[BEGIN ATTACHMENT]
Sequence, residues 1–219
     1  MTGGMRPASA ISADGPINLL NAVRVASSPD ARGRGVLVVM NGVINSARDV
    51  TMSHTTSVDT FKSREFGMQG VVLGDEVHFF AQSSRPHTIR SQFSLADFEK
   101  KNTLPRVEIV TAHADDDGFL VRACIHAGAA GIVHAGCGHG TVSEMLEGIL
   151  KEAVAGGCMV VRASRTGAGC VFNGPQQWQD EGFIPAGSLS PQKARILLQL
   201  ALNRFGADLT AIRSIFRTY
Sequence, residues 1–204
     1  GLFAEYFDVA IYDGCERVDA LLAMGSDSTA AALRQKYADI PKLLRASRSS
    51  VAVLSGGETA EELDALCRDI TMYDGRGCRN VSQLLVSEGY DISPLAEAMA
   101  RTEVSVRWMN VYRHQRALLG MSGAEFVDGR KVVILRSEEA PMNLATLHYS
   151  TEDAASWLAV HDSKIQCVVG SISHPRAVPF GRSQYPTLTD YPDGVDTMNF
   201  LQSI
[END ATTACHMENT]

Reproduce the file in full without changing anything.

Sequence, residues 1–219
     1  MTGGMRPASA ISADGPINLL NAVRVASSPD ARGRGVLVVM NGVINSARDV
    51  TMSHTTSVDT FKSREFGMQG VVLGDEVHFF AQSSRPHTIR SQFSLADFEK
   101  KNTLPRVEIV TAHADDDGFL VRACIHAGAA GIVHAGCGHG TVSEMLEGIL
   151  KEAVAGGCMV VRASRTGAGC VFNGPQQWQD EGFIPAGSLS PQKARILLQL
   201  ALNRFGADLT AIRSIFRTY
Sequence, residues 1–204
     1  GLFAEYFDVA IYDGCERVDA LLAMGSDSTA AALRQKYADI PKLLRASRSS
    51  VAVLSGGETA EELDALCRDI TMYDGRGCRN VSQLLVSEGY DISPLAEAMA
   101  RTEVSVRWMN VYRHQRALLG MSGAEFVDGR KVVILRSEEA PMNLATLHYS
   151  TEDAASWLAV HDSKIQCVVG SISHPRAVPF GRSQYPTLTD YPDGVDTMNF
   201  LQSI